Reconfigurable metasurface steers incoherent light in less than a picosecond


Steering incoherent light
Steering committee: Prasad Iyer (right) and Igal Brener with some of the optical equipment they used for beam steering experiments at Sandia National Laboratory.
(Courtesy: Craig Fritz/Sandia National Laboratories)

Drawing from the latest advances in metasurfaces and nanophotonics, researchers in the US have designed a new light source that can steer beams of incoherent light over ultrashort timescales. Developed by Igal Brener and colleagues at Sandia National Laboratories in New Mexico, the source features a reconfigurable metasurface that is embedded with quantum dots. With further development, the concept could be used to improve virtual reality displays, sensors for autonomous vehicles and lighting systems.

An optical metasurface comprises a pattern of tiny components, each of which interacts with light. The optical properties of a metasurface arise from the collective effect of these components and metasurfaces can be used to create useful optical components such as flat lenses. Reconfigurable metasurfaces have optical properties that can be changed in controlled ways, opening up even more possible applications.

Recently, researchers have created reconfigurable metasurfaces that can steer laser light into specific directions. This was possible because laser light is coherent – all the light is in phase and at the same wavelength.

However, this beam steering has not been achieved for the incoherent light that is emitted by everyday sources such as LEDs and incandescent bulbs. “Currently, there is no ‘device’ that can emit light like an LED, and dynamically steer the emission into a particular direction at the same time,” Brener explains.

Quantum dots

In their study, the Sandia team addressed this shortcoming by designing a new metasurface. Their design features a quantum dot-embedded metasurface positioned on a refractive Bragg mirror. This is a mirror that is made up of multiple, periodically arranged layers with varying refractive indices. A Bragg mirror reflects light in a narrow band of wavelengths, while allowing other light to pass through.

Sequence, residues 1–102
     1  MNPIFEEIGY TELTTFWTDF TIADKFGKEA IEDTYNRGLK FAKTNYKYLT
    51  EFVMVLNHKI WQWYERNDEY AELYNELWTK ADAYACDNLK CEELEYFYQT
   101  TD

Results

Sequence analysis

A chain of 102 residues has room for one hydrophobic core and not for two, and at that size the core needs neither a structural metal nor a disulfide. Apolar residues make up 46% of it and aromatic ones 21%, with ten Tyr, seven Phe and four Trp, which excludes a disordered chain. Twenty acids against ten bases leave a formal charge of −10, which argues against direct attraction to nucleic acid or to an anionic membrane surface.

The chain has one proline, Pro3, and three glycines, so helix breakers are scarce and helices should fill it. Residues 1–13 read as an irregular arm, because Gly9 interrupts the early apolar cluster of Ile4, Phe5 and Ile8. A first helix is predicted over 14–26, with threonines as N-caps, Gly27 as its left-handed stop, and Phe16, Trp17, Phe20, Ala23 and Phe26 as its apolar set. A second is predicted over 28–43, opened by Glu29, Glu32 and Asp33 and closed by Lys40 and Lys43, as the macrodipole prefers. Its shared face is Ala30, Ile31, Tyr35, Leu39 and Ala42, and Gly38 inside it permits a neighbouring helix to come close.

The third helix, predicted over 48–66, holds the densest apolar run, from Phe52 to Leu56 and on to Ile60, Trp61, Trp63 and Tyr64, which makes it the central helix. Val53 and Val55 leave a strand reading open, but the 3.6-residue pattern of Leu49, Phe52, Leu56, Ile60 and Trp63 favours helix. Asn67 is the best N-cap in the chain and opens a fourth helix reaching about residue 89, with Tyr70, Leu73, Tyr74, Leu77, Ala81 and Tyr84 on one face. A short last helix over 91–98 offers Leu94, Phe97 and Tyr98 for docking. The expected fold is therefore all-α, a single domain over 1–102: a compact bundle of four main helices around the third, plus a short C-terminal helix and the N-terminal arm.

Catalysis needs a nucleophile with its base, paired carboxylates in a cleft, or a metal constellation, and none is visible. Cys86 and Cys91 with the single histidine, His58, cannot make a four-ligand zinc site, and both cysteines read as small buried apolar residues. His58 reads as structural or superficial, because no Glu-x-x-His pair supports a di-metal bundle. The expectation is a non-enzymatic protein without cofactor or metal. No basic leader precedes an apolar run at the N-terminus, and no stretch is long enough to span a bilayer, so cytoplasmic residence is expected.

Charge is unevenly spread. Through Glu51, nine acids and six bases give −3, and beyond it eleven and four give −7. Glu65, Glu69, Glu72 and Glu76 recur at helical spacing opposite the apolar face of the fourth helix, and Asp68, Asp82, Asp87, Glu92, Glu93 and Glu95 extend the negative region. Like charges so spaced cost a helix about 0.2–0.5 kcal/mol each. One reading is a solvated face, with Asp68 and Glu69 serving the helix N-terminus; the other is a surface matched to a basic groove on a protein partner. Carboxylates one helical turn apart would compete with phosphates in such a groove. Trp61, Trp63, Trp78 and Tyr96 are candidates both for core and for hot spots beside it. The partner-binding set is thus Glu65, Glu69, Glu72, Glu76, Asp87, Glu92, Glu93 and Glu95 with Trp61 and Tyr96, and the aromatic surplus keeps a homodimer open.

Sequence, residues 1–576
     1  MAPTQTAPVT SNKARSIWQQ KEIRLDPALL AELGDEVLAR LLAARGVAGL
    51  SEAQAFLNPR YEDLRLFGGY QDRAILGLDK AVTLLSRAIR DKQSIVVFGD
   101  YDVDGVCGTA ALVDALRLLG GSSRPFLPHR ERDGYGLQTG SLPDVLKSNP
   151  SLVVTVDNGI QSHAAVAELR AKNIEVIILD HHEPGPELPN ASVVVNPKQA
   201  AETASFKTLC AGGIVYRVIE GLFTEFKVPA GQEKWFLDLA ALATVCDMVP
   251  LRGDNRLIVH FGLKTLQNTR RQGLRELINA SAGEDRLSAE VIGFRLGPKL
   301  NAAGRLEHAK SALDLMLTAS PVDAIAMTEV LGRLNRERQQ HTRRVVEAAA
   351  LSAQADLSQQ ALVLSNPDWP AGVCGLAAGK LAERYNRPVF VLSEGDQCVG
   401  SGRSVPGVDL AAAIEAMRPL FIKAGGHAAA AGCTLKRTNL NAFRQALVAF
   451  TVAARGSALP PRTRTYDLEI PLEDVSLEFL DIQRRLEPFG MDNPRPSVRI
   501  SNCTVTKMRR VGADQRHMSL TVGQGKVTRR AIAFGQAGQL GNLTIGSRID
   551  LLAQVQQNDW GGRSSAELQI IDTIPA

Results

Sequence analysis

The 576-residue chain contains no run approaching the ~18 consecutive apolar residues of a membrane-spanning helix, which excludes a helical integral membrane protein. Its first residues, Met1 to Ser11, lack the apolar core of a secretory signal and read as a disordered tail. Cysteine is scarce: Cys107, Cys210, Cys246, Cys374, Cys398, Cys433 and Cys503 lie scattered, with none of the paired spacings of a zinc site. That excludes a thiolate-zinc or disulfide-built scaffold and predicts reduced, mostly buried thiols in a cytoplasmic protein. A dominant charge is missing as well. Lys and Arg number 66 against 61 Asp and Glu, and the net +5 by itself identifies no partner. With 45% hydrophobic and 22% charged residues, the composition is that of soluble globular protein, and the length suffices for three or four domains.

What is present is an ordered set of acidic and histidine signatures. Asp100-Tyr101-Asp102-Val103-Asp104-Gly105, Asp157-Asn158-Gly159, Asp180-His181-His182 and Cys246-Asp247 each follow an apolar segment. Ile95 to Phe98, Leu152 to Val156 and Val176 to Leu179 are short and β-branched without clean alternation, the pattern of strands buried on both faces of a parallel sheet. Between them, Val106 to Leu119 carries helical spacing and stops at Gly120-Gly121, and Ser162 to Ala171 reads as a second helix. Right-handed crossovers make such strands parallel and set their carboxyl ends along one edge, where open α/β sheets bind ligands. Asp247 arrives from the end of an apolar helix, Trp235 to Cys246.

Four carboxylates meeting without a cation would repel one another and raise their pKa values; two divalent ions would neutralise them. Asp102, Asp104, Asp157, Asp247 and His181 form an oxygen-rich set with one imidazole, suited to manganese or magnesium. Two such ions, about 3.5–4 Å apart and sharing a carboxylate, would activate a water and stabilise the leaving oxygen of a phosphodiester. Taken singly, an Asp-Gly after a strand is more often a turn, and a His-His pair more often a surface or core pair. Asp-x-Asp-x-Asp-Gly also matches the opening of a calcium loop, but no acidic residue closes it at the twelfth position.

Each quantum dot emits incoherent light and in their experiments, Brener’s team observed that the metasurface caused the incoherent light from the quantum dots to undergo phase changes. These changes restrain the light from spreading out over a wide range of angles – and instead cause much of the light to propagate in one direction.

The propagation direction of the light is controlled by firing two different laser pulses at the metasurface. One pulse temporarily modifies the refractive index of the metasurface, while the other pulse causes the quantum dots to emit light. It is this modification that steers the emitted light.

“We were able to steer the incoherent emission from quantum dots embedded into the metasurface over a 70-degree range,” Brener explains. What is more, the light can be steered over sub-picosecond timescales.

Brener points out that the design is mostly just a proof of concept for now, with much room for future improvement. “In a final device, this pattern would have to be reconfigured electrically, so that in the end you have a combination of an LED and several other contacts to reprogram the angle of emission,” he says.

More development needed

The team acknowledges that the commercialization of their technology is likely still several years away. Yet based on the results they have achieved so far, they hope that other researchers will start to think about the broad range of technologies that could benefit from controlled manipulation of incoherent light.

“Maybe this type of device could replace steerable lasers,” Brener says, adding that it could be used to reduce energy consumption in lighting systems.

Other possible applications include small displays that can project holographic images directly onto the eye using low-power LEDs. This would be particularly useful for virtual and augmented reality devices — making them far simpler and cheaper than laser-based systems. Elsewhere, the metasurface could be useful in remote sensing. This includes the LIDAR systems used by self-driving vehicles to visualize their surroundings.

The research is described in Nature Photonics.

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